The groom entered the chuppah first. I could tell how serious and focused he was. The wedding day isn’t just about dancing and having a good time, it’s also about the fact that two souls are reuniting. The groom was escorted by his father and father in law, who were both holding candles, as well as the mother and mother in law of the kallah. The Kallah arrived to the chuppah, escorted by her mother and soon to be mother in law. The only other people allowed under the chuppah are those who will be involved in the ceremony, and the photographers, who are more like paparazzi. She walked past me, and there was a vibe she brought with her, it was incredible. I stopped thinking about my struggles at home and school, and focused on the beautiful moment. I watched as she walks to her groom. She circled him seven times. Prayers, the wedding contract, and a letter from the Rebbe were all read in hebrew. The kallah and Chatan drink some wine, and the chatan put a ring on the Kallah’s finger… Finally, the chuppah ended with the smashing of a glass.
Now it was time to celebrate! We made our way back to the hall, and shortly thereafter, the kallah and chatan arrive as husband and wife. It was now time to dance. At Jewish weddings, men and women dance separately. We all lined up at the door, and we created a bridge over head with our hands. To the start of the music, in she ran. Traditionally, the bride and groom fast on the day of their wedding. Can you imagine fasting all day, and then dancing? I was surprised to see that she didn’t look tired, hungry, dehydrated or nervous. All I saw on my torah buddy’s face was pure joy and happiness. The dancing starts with the family, and then it goes to friends. There were a lot of girls at this wedding. I’d technically met Chaya once. I was not expecting to talk or even make eye contact let alone dance with her. Now, I’m no dancer, but a bride is likened to a queen, and if she asks you to dance, you dance! There was an unexplainable energy in the room. So I danced, in front of everyone, and had a blast. There was something about dancing with the kallah. I… it was just incredible. Dancing was followed by dinner, and then more dancing. The happiness on everyone’s face for their friend was beautiful. We put the kallah onto a table, and her and her sisters danced while everyone held her up. Her husband was on the other side, the same thing happening, so they could make eye contact over the mechitza.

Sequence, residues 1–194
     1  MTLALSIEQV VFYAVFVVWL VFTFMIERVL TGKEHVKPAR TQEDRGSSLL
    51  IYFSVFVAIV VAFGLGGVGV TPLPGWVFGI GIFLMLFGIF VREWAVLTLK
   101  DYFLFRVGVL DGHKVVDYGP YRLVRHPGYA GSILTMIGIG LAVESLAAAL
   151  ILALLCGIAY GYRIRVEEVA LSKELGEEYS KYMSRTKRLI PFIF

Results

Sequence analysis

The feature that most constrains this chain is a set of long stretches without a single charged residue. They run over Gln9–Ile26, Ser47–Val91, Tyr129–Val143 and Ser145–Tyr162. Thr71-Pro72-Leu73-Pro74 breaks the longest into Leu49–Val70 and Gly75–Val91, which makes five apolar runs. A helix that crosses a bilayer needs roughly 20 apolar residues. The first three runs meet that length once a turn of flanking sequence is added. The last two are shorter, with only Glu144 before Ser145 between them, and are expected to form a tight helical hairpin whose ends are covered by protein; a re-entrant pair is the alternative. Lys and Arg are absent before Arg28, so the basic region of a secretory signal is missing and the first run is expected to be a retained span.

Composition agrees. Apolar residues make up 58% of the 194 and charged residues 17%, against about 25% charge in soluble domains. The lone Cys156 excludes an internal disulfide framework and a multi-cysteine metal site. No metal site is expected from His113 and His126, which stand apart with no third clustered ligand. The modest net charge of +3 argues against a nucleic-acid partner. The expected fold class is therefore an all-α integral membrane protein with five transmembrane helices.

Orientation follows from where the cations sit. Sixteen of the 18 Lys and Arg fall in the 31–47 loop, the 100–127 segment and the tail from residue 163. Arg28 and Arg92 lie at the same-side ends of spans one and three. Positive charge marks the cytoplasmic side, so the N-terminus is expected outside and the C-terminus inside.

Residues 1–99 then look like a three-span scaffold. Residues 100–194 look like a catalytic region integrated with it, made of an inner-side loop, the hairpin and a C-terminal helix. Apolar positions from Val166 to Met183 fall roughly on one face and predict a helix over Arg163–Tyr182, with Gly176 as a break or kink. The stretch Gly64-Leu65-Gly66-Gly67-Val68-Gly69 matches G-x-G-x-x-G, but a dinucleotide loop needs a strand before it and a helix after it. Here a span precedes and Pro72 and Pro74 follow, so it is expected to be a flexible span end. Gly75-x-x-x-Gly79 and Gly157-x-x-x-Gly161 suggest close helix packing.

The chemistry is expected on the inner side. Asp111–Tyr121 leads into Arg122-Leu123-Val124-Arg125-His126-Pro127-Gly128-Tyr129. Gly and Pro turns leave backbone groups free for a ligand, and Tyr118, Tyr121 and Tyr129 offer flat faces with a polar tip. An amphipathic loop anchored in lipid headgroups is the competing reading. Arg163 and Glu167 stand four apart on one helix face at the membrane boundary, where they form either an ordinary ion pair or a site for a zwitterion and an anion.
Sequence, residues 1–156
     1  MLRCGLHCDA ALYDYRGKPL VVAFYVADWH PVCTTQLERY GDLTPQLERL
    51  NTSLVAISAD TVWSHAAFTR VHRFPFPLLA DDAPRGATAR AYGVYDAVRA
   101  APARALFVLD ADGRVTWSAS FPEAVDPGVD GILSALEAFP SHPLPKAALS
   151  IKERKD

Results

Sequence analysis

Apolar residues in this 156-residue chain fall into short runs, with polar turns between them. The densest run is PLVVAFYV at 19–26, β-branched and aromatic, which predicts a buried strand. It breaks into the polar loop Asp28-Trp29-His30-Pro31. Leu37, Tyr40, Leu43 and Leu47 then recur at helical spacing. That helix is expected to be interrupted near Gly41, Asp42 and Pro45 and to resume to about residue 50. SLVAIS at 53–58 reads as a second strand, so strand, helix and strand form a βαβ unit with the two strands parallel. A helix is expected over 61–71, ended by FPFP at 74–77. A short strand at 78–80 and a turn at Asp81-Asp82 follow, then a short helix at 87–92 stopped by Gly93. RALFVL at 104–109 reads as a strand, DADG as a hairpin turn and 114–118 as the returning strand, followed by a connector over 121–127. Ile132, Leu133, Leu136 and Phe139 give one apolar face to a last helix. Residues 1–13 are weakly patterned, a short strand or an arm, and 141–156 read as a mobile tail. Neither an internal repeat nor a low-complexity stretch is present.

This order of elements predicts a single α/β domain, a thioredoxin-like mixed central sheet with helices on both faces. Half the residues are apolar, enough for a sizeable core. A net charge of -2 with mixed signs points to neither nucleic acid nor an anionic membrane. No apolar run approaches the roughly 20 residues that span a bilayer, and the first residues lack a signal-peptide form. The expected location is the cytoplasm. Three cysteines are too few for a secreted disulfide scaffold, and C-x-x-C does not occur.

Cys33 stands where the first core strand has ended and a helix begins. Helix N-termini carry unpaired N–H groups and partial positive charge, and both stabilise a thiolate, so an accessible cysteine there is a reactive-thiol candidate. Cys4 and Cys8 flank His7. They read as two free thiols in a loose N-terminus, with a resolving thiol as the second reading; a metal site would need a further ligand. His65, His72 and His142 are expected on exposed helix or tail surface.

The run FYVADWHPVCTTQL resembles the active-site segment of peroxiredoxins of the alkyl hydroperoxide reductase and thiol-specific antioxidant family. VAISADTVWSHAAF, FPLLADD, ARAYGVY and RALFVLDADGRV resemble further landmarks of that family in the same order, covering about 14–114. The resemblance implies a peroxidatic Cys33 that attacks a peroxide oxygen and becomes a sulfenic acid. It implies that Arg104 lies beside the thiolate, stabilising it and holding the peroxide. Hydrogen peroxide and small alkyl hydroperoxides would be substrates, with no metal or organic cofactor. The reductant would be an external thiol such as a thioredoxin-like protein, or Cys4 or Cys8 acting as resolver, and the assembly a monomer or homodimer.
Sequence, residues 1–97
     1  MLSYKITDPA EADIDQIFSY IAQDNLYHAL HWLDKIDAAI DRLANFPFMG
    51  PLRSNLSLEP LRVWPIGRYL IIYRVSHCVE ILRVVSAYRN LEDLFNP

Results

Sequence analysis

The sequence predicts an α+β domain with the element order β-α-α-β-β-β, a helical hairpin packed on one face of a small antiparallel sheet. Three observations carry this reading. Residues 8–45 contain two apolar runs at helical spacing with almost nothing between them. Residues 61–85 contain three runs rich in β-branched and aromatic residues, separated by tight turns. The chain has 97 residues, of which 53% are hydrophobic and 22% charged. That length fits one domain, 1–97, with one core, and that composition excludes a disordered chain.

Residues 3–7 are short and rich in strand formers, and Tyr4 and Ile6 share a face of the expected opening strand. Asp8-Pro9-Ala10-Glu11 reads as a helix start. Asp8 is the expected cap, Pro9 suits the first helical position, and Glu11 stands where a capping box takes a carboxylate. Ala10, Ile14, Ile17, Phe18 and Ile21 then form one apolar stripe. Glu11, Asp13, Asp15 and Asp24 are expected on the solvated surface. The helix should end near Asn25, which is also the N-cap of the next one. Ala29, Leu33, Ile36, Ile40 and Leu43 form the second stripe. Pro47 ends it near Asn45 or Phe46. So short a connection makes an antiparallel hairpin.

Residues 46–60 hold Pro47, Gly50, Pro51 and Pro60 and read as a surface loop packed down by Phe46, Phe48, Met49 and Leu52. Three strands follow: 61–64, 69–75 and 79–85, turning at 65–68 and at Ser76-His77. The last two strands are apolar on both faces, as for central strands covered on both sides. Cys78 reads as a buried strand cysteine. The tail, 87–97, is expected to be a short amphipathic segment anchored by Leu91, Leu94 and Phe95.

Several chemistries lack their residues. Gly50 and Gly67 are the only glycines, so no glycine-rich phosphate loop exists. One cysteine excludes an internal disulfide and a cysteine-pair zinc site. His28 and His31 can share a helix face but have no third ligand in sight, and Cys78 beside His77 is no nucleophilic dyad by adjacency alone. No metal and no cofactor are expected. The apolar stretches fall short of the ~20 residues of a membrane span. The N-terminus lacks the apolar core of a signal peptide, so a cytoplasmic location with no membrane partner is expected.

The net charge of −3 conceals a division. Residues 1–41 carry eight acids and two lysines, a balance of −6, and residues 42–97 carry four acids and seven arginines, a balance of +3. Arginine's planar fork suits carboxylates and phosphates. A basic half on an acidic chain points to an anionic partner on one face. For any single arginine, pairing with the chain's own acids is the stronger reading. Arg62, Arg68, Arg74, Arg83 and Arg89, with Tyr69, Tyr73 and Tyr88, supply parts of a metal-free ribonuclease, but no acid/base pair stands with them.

One thing that amazed me was the inclusion. Girls grab each others hands without even looking at who’s hand they were grabbing. If someone sees you starting to separate, they pull you right back in. Anytime I started to fall back, one of Chaya’s classmates was there to make me feel included. I honestly don’t think I could have had a better wedding experience. If I had any questions, I had a plethora of people there to ask. I realized that a wedding is like Rosh Hashanah, Yom kippur, and Simchat Torah all wrapped up into one night. This is like the head of a new chapter in their lives. They fasted all day like on Yom Kippur, also it’s a day that they have a clean slate and especially during the actual ceremony it’s very serious. Then there’s the dancing, Simchat Torah and weddings are both very associated with dancing. I’m so thankful for this experience, and to experience it with the people I did, especially the CTeen Chaperones :). Chaya, I’m so happy for you, thanks for letting your wedding be my first!